Using JavaScript to Validate API Response Bodies

In prior posts, I’ve illustrated how API Science’s JavaScript validations capability can be used to validate API response timing versus data size, API HTTP response headers, and HTTP response status codes. What hasn’t yet been investigated is how you can use the API Science JavaScript validation facility to validate the API response body.

We’ll use my XKCD monitor to see how this can be done. This monitor queries the XKCD API using a simple GET request sent to this API endpoint:

http://xkcd.com/1481/info.0.json

When the API is up, it returns an API response body similar to this:

{
  "month": "2",
  "num": 1481,
  "link": "",
  "year": "2015",
  "news": "",
  "safe_title": "API",
  "transcript": "((This is a faux-screenshot of a technical document))\n[[A figure sits at a computer upon a desk, apparently engrossed in the document which we now see before us.]]\nTITLE: API GUIDE\nRequest URL Format: domain\nuser\nitem\nServer will return an XML document which contains the requested data and documentation describing how the data is organized spatially.\nAPI KEYS: To obtain API access, contact the x.509-authenticated server and request an ECDH-RSA TLS key...\n\nCaption: If you do things right, it can take people a while to realize that your \"API documentation\" is just instructions for how to look at your website.\n\n{{Title text: ACCESS LIMITS: Clients may maintain connections to the server for no more than 86,400 seconds per day. If you need additional time, you may contact IERS to file a request for up to one additional second.}}",
  "alt": "ACCESS LIMITS: Clients may maintain connections to the server for no more than 86,400 seconds per day. If you need additional time, you may contact IERS to file a request for up to one additional second.",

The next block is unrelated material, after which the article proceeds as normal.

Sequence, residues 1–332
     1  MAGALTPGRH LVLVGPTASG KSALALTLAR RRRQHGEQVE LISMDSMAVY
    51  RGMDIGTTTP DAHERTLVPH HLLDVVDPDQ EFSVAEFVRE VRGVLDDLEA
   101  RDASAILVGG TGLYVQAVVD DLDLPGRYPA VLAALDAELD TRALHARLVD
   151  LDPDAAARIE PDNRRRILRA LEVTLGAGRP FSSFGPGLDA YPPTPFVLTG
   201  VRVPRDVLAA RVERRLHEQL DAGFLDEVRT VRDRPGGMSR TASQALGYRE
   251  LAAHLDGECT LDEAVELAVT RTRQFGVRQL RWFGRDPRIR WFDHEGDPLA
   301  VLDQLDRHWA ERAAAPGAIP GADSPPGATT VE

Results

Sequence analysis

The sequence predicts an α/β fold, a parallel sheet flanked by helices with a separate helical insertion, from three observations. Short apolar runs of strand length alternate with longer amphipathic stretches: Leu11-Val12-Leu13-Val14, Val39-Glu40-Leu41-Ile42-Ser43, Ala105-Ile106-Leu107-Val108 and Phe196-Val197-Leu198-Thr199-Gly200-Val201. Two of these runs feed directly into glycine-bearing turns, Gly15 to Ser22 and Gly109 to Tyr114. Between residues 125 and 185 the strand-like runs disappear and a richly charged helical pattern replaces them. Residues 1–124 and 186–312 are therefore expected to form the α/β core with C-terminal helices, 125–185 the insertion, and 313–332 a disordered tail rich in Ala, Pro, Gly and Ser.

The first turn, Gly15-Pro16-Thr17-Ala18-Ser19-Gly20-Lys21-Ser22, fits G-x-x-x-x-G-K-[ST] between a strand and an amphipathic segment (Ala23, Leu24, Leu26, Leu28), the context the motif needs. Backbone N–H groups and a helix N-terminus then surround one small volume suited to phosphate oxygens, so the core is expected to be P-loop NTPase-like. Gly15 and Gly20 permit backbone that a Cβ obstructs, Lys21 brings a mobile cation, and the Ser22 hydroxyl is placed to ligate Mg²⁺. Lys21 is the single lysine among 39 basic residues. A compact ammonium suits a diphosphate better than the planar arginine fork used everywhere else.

"img": "http://imgs.xkcd.com/comics/api.png",
  "title": "API",
  "day": "2"
}

This is a JSON response body: a list of keys, followed by a colon, followed by a value. In your API Science monitor, you can use JavaScript to validate any of these fields.

Let’s say your API at this moment relies on the response “day” value to be “2”. If the API isn’t returning this JSON value, then, from the point of view of your product, the API is down.

To configure this validation into your API Science monitor, edit the monitor, and click “Show Settings”. In the “Validations” pull-down menu, select “JavaScript”:

xkcd_javascript_entryEnter the following code into the text window:


var body = JSON.parse(context.response.body);
var day = "2";

assert.equal( body.day, 
              day, 
              "Wrong day");

This code inspects the API’s JSON response body’s “day” variable, and tests if its value is “2”. If the value is “2” then the API check validation passes. If the values isn’t “2” then the check fails.

What will you see in your API Science monitor if this type of validation fails? “2” is the expected response for my XDCK monitor. If I edit the second line of my JavaScript validation code to be:

var day = "3;

and I then run my monitor, I will see this in the result:

xkcd_wrong_dayThe API is down from your product’s point of view, because your product depends on the value of the “day” variable for this particular query to be “2”.

JavaScript is a vast programming language that supports highly-detailed investigation of content that is returned in API response bodies. API Science provides unlimited ability for you to analyze response bodies to determine if, from your product’s point of view, an API you depend on is up or down.